Safe to say that since I started doing NaNoWriMo, the majority of the first drafts of the novels I’ve written have been written during 30 days (or less) in November. In fact, it’s been so long since I’ve written the first draft of a novel outside of November that I can’t remember the last time I did it.
I mean before this last time.
My bright self decided after finishing the first draft of The Fate of the Immortal’s Assistant to immediately start on the first draft of The Coop Run. Had the former gone better, then perhaps the latter would have, too, and I wouldn’t be writing this post.
But the former didn’t and that could be why the latter took me more than two months to write.
The original goal was to write The Coop Run in the two weeks I had left in November. Once I finished writing the slog that was the first draft of The Fate of the Immortal’s Assistant, I didn’t have the energy to keep up the needed pace of 3,500 words a day to get it done. I decided to take it a little easy for a while, only writing 1,000 words a day, and then I’d pick up the pace. It looked at the time like the first draft would only be about 35,000 words and if I picked up to 2,000 or 2,500 words a day, then I’d have it done in the first week or so of December.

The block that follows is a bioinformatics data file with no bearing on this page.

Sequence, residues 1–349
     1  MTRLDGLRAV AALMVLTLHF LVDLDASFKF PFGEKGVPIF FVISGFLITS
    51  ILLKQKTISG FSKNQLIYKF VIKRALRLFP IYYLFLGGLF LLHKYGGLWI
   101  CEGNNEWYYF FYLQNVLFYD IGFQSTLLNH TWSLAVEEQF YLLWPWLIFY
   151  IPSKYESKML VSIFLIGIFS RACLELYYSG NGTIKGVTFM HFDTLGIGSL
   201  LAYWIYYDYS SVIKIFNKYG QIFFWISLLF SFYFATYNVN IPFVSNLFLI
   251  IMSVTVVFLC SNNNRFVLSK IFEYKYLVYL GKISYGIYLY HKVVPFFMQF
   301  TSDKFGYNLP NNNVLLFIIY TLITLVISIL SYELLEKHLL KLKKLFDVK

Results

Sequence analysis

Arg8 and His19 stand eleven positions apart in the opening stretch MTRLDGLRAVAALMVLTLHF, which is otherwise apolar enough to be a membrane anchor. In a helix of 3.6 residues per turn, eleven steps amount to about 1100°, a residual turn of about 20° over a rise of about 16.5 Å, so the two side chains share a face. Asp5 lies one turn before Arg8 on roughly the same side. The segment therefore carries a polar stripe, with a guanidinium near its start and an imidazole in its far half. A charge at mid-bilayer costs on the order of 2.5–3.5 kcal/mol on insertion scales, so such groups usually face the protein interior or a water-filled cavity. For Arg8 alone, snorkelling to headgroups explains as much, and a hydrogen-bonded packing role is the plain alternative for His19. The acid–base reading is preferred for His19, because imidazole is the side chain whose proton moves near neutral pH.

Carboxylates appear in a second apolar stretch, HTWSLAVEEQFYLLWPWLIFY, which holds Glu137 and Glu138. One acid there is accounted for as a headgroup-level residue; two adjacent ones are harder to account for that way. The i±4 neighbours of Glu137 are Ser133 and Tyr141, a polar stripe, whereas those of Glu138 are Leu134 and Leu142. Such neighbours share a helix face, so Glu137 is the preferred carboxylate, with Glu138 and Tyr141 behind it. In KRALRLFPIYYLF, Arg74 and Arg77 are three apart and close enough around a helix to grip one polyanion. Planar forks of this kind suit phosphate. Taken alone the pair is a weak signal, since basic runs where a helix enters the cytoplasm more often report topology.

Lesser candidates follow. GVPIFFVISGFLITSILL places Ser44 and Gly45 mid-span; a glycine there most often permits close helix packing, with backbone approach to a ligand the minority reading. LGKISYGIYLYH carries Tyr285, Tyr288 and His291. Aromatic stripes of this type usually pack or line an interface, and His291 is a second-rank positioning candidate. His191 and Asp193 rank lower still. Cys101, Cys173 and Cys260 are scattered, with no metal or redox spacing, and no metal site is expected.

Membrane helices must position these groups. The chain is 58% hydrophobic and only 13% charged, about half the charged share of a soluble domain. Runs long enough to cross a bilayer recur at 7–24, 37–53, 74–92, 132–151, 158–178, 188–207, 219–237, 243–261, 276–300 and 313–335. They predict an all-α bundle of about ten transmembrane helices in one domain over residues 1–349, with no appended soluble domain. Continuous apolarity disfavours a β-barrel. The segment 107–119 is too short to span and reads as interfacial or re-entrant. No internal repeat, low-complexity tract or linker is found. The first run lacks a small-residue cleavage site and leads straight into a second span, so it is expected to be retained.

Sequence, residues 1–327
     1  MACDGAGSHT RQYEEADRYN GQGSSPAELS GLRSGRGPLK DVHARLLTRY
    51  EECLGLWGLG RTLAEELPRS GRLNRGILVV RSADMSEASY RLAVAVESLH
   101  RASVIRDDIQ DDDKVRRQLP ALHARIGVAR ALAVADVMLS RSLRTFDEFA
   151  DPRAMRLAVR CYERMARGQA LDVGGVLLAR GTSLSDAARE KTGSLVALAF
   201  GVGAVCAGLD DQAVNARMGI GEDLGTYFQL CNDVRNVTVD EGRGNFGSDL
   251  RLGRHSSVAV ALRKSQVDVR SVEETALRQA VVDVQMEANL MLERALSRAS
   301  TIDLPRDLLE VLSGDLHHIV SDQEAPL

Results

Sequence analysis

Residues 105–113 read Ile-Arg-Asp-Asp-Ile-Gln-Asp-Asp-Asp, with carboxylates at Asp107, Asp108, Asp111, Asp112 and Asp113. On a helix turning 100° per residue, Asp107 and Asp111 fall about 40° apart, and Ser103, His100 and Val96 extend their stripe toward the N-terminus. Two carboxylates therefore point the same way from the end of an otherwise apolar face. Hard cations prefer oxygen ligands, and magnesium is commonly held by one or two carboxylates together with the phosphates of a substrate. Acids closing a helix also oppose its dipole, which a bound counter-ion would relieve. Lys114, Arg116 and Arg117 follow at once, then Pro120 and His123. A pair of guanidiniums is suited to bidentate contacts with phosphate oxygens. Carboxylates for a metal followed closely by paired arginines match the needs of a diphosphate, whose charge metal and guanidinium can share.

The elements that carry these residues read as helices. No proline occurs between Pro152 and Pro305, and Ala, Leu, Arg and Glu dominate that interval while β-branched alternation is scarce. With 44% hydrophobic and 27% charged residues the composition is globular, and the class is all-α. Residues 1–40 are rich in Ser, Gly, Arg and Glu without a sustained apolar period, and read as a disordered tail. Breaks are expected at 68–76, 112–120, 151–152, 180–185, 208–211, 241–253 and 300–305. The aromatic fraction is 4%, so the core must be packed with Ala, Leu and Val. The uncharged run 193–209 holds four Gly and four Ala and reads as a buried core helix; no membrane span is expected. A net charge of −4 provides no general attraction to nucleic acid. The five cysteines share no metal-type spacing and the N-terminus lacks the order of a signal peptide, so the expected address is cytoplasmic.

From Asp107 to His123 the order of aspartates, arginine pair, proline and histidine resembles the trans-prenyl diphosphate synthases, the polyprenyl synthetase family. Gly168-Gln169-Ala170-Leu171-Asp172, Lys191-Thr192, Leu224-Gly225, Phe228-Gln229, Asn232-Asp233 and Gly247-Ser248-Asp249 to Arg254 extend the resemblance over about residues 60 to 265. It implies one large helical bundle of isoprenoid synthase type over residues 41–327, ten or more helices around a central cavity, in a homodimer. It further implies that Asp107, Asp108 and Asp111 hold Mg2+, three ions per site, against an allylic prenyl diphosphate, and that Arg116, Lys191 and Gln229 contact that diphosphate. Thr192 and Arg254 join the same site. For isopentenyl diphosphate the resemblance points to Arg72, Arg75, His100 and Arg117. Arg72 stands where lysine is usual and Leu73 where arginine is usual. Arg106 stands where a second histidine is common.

Oh, how dumb I can be.
It’s no secret that the holidays are my least favorite time of year and I actively try to not work on big projects during them because the entire month of December drains my life force. Let this past December be a good reminder of that.
Instead of my word count on The Coop Run picking up, it went down. I was basically writing 500 words a day most days and calling that good. I just didn’t have the energy to write more. I did end up picking up the pace to 2,000 words after January 1st, though that dipped again the week of my birthday. The slog feelings from The Fate of the Immortal’s Assistant carried over to The Coop Run, though I think overall it turned out to be easier to write, especially toward the end. It also turned out to be longer than I thought it’d be. Instead of 35,000 words, it ended up around 56,000.
I actually ended up sick of writing the story. I wanted to be done so badly but just couldn’t push hard enough to finish it. It was a miserable feeling. And instead of feeling satisfied when I wrote the last word, I felt relief. Overall, it wasn’t the most enjoyable first draft writing experience I’ve ever had.
I do believe that I’ve learned my lesson, though.
No more novel first drafts in December!
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